The Yuletide-lads were originally portrayed as being mischievous, or even criminal, pranksters who would steal from, or otherwise harass the population (at the time mostly rural farmers).[7] They all had descriptive names that conveyed their modus operandi.

The Yuletide-lads are traditionally said to be the sons of the mountain-dwelling trolls Grýla and Leppalúði. They would trek from the mountains to scare[8] Icelandic children who misbehaved before Christmas. Additionally, the Yuletide-lads are often depicted with the Yule Cat, a beast that, according to folklore, eats children who do not receive new clothes for Christmas.

Modern depictions

Yule lads lighting a Christmas tree in Akureyri

In modern times the Yuletide-lads have been depicted as taking on a more benevolent role[9] comparable to Santa Claus and other related figures. They are occasionally depicted as wearing late medieval style Icelandic clothing[10] (only in some books and decorations), but are otherwise generally shown wearing the costume traditionally worn by Santa Claus.

List of Yuletide-lads

The Yuletide-lads are said to "come to town" during the last 13 nights before Christmas. Below are the 'official' thirteen Yuletide-lads in the order they arrive (and depart).

Names in English are based on Hallberg Hallmundsson's translation of the poem.[11]

Icelandic Name English translation Description Arrival Departure
Stekkjarstaur Sheep-Cote Clod Harasses sheep, but is impaired by his stiff peg-legs. 12 December 25 December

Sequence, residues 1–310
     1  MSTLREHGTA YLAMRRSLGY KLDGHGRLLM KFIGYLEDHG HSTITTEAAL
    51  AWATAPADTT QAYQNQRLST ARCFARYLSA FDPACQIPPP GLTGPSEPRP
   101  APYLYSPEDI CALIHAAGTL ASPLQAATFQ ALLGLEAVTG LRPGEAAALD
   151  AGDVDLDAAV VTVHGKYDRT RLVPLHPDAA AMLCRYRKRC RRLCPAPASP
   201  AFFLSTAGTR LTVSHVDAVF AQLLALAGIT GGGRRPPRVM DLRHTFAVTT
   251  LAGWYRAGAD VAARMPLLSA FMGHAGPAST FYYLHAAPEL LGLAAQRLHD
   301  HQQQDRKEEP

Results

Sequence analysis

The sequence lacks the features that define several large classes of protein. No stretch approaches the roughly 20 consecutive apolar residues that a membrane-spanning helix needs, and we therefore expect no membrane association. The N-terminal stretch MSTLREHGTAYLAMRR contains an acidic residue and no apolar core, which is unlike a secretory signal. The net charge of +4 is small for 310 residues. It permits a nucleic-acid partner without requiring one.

Giljagaur Gully Gawk Hides in gullies, waiting for an opportunity to sneak into the cowshed and steal milk. 13 December 26 December
Stúfur Stubby Abnormally short. Steals pans to eat the crust left on them. 14 December 27 December
Þvörusleikir Spoon-Licker Steals Þvörur (a type of a wooden spoon with a long handle – I. þvara) to lick. Is extremely thin due to malnutrition. 15 December 28 December
Pottaskefill Pot-Scraper Steals leftovers from pots. 16 December 29 December
Askasleikir Bowl-Licker Hides under beds waiting for someone to put down their "askur" (a type of bowl with a lid used instead of dishes), which he then steals. 17 December 30 December
Hurðaskellir Door-Slammer Likes to slam doors, especially during the night. 18 December 31 December
Skyrgámur Skyr-Gobbler A Yule Lad with an affinity for skyr. 19 December 1 January
Bjúgnakrækir Sausage-Swiper Would hide in the rafters and snatch sausages that were being smoked. 20 December 2 January
Gluggagægir Window-Peeper A snoop who would look through windows in search of things to steal. 21 December 3 January
Gáttaþefur Doorway-Sniffer Has an abnormally large nose and an acute sense of smell which he uses to locate laufabrauð. 22 December 4 January
Ketkrókur Meat-Hook Uses a hook to steal meat. 23 December 5 January
Kertasníkir Candle-Stealer Follows children in order to steal their candles (which in those days were made of tallow and thus edible). 24 December 6 January

See also

References

  1. ^ Celebrating Christmas with 13 trolls Retrieved 1 June 2013
  2. ^ Bad Santas Retrieved 1 June 2013
  3. ^ Eve Online Introduces the “Yule Lads” Retrieved 1 June 2013
  4. ^ The Yule Lads Retrieved 1 June 2013
  5. ^ Forgotten Yule Lads and Lasses Retrieved 1 June 2013
  6. ^ "Best places to spend Christmas". Retrieved 1 June 2013
  7. ^ "The Yule Lads: Friends or Foes?" Retrieved 1 June 2013
  8. ^ "Bogeymen: Five scary visitors in the night". BBC News. Retrieved 1 June 2013
  9. ^ Top 10 places to spend your 2010 Christmas Retrieved 1 June 2013
  10. ^ Yule lads: Peoria woman’s family surprises her with Icelandic folklore Retrieved 1 June 2013
  11. ^ "Hallberg Hallmundson's translation of 'Jólasveinarnir' by Jóhannes úr Kötlum". Jóhannes úr Kötlum, skáld þjóðarinnar. Archived from the original on 22 December 2007. Retrieved 2 April 2008. 

External links